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COLLECTING ON A JUDGMENT

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By Stephen J. Muhonen, Creditor’s Rights / Collections Attorney, Racine Olson, PLLP

Congratulations!  You won your court case and now have a money judgment entered in your favor.  All of that time, effort, emotional energy, attorney fees and costs incurred, and just the drain of the process has finally funneled to a conclusion where a court has concluded you are entitled to money from the adverse party.  It’s a great day! Or is it?  You or your attorney have approached the liable party for payment, but they won’t pay.  All of that time, effort, money and energy spent for what?  How are you going to get them to pay up?

Judgment Creditors in Idaho have multiple resources to draw upon in attempt to satisfy their judgment when insurance resources are not available.  Those options include:

  • Garnishing the Judgment Debtor’s wages
  • Garnishing the Judgment Debtor’s spouses wages (Pursuant to Idaho’s community property laws, the Judgment Debtor has an undivided community property interest in his/her spouse’s wages.)
  • Garnishing the Judgment Debtor’s bank accounts
  • Executing upon the Judgment Debtor’s personal property (vehicles, guns, jewelry, household goods, cash, etc.)
  • Garnishing the Judgment Debtor’s debtor
  • Executing upon a Judgment Debtor’s interest in a business
  • Executing upon the Judgment Debtor’s real property

These collection options though are subject to certain statutory exemptions and/or limitations.  Of course it is up to the Judgment Debtor to timely file their claim of exemption.  As identified above, wages can be garnished.  However, wages are subject to state and federal limitations that regulate the amount of wages that can be garnished.  When executing upon real property, property owners may be protected up to $100,000.00 by the homestead exemption.  Exemptions are in place in support of the public policy that individuals be allowed to retain property to the extent reasonably necessary for the support of him and his dependents.  See generally Idaho Code 11-604.  Said otherwise, the law protects people from Judgment Creditor’s leaving individuals completely destitute.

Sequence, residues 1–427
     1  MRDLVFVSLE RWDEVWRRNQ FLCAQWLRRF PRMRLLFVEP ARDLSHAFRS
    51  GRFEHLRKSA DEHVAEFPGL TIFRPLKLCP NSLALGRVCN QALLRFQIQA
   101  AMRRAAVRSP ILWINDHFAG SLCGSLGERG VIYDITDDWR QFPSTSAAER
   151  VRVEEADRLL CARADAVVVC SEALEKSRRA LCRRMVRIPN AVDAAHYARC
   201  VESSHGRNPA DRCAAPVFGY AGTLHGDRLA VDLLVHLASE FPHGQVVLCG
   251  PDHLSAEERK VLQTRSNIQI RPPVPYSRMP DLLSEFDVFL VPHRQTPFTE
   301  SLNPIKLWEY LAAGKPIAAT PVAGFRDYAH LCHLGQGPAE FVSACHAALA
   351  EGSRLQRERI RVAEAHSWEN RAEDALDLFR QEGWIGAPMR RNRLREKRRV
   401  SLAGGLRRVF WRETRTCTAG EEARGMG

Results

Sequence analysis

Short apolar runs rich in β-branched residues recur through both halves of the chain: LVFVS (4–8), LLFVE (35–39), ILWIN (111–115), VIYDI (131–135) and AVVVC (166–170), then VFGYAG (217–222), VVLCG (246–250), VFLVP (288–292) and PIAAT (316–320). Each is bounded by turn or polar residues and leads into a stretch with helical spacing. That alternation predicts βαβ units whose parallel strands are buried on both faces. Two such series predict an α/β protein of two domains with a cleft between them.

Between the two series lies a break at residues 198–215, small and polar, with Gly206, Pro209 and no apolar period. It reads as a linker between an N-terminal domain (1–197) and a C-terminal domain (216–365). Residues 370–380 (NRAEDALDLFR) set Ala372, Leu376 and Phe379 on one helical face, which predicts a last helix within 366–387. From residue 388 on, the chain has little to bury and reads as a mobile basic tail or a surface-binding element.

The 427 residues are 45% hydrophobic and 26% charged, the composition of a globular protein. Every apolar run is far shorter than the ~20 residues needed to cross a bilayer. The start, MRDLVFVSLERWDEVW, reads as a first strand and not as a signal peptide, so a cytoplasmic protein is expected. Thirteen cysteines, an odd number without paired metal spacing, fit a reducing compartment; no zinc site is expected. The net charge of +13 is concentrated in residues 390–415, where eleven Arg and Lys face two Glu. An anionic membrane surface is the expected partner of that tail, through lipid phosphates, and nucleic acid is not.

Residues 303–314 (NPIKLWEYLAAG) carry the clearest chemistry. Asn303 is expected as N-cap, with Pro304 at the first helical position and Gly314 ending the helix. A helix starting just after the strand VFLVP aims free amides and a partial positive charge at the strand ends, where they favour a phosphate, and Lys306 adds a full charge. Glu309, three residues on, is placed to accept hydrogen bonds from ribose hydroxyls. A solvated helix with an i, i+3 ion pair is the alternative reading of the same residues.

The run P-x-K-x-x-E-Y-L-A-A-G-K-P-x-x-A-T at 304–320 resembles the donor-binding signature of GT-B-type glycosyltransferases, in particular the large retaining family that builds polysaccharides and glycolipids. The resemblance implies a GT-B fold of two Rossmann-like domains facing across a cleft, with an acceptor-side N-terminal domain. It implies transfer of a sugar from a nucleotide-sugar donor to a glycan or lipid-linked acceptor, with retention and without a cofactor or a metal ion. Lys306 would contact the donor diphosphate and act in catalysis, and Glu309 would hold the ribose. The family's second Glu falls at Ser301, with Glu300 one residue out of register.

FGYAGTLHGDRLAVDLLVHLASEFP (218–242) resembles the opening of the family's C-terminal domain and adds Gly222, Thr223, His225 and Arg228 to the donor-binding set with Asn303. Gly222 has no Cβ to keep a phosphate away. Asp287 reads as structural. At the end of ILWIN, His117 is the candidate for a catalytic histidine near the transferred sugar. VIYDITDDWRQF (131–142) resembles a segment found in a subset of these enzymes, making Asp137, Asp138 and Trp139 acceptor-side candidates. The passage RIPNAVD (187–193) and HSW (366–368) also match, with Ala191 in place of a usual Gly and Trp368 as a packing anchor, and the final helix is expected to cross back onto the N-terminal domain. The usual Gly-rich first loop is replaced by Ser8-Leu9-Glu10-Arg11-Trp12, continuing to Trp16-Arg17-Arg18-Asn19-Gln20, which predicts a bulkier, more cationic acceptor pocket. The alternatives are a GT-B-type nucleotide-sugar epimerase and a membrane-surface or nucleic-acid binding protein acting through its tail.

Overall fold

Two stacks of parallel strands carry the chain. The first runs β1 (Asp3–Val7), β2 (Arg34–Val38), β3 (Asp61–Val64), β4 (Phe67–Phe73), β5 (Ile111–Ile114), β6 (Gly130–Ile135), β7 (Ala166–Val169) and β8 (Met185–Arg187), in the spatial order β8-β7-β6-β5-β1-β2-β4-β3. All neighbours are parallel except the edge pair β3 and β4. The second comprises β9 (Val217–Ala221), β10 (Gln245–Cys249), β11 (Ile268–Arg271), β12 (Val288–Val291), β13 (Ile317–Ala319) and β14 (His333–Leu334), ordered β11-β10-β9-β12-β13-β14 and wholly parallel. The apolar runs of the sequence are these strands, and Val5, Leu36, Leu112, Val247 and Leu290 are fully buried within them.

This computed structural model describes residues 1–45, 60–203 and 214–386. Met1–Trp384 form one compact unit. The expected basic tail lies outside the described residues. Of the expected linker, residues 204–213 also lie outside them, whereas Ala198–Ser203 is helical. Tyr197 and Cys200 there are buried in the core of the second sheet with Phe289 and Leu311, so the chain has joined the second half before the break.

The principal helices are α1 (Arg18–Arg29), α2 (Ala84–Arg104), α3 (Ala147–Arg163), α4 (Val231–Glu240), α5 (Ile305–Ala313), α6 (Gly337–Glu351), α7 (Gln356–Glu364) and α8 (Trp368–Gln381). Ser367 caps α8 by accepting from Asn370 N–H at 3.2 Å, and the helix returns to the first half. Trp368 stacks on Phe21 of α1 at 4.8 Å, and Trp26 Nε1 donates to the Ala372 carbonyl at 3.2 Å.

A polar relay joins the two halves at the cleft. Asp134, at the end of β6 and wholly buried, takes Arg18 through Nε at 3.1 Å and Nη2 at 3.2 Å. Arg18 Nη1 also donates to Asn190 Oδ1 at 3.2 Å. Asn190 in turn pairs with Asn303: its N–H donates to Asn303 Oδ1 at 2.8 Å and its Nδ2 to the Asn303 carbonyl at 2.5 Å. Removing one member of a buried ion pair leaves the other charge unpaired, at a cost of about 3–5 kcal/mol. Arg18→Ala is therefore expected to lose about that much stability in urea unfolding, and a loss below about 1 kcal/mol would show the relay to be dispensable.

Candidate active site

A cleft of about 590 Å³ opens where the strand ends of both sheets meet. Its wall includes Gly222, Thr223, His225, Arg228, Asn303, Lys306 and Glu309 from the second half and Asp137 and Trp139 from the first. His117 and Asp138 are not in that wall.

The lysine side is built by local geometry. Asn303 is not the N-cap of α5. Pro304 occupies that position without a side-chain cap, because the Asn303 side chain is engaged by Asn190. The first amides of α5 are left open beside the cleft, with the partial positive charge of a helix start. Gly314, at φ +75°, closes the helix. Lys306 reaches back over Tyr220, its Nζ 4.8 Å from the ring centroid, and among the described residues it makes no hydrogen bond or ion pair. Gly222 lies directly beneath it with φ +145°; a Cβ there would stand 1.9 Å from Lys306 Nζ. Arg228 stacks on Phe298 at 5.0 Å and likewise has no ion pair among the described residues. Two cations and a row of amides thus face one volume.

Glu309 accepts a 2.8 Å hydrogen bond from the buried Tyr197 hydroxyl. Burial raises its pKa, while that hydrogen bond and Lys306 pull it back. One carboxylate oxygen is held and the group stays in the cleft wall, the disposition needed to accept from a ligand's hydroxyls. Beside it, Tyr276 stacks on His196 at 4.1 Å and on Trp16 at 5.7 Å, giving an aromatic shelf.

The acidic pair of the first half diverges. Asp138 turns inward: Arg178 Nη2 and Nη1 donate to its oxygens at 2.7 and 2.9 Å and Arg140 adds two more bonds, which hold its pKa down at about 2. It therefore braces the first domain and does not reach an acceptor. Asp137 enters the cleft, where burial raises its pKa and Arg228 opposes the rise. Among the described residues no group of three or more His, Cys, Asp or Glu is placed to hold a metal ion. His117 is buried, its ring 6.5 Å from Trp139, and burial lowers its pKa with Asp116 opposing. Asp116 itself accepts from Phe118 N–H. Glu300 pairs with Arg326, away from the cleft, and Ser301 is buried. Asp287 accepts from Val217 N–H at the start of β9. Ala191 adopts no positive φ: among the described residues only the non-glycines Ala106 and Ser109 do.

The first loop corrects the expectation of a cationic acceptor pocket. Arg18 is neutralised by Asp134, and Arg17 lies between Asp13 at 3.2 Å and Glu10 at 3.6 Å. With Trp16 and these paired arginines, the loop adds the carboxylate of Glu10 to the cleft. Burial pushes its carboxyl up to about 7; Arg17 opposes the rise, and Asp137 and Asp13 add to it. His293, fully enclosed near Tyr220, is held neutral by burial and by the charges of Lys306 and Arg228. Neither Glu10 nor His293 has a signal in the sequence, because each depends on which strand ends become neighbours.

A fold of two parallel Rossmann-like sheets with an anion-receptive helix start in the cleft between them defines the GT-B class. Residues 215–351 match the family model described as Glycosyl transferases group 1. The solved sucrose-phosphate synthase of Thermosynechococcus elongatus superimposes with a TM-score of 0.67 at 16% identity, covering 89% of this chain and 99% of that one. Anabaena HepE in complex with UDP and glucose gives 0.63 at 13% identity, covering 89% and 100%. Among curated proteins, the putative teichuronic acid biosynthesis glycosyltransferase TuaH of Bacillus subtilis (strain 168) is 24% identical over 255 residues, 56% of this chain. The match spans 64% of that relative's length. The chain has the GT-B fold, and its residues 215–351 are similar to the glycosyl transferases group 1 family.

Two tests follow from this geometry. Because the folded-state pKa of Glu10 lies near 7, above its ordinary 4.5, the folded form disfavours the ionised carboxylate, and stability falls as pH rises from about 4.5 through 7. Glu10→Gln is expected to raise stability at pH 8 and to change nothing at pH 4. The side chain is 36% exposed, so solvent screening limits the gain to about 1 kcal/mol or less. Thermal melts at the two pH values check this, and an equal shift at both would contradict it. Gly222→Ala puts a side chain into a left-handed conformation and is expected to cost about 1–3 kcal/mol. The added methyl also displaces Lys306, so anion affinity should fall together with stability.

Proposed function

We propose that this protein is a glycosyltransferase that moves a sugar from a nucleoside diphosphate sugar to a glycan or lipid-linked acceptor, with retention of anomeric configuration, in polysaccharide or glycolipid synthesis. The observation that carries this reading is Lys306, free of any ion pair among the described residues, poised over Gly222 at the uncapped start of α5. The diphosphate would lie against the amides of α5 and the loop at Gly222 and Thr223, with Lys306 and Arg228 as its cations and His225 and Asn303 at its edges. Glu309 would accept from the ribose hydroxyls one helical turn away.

There is also property that is completely exempt from judgment collection efforts, again, provided the Judgment Debtor claims the exemption.  That property includes:

  • Public Assistance
  • Social Security, Retirement and Disability Benefits
  • Workers Compensation
  • Employee Benefits
  • Life insurance proceeds payable to spouse or dependent
  • Awards/proceeds from bodily injury or wrongful death payable to dependent
  • Awards/proceeds from personal bodily injury
  • Child support payments
  • Retirement Benefits
  • Military Retirement and Survivor’s Benefits
  • Veteran’s Benefits
  • Illness Benefits
  • Alimony/support maintenance
  • Burial plots

So how does one find what property the Judgment Debtor has an ownership interest in, in order to garnish and or execute upon it?  Legal search resources such as Lexis and Westlaw have capabilities within them to search out and locate property.  Other options include internet search sites, prior dealings with the Judgment Debtor (i.e. cancelled checks, place of employment), DMV data banks, private investigators and county assessor’s office, just to name a few.  Idaho law also provides that once the Judgment Creditor receives his Writ back as unsatisfied, he can petition the court to order the Judgment Debtor to appear for a Debtor’s Exam, conducted by the Judgment Creditor or his/its attorney.  During this examination, the Judgment Creditor is allowed to explore what assets the Judgment Debtor has and where they are located.

If you are a Judgment Creditor seeking assistance in collecting upon those whom are indebted to you, give Steve Muhonen at Racine Olson, PLLP, a call at 208-232-6101.  You can also email Steve at steve@racineolson.com

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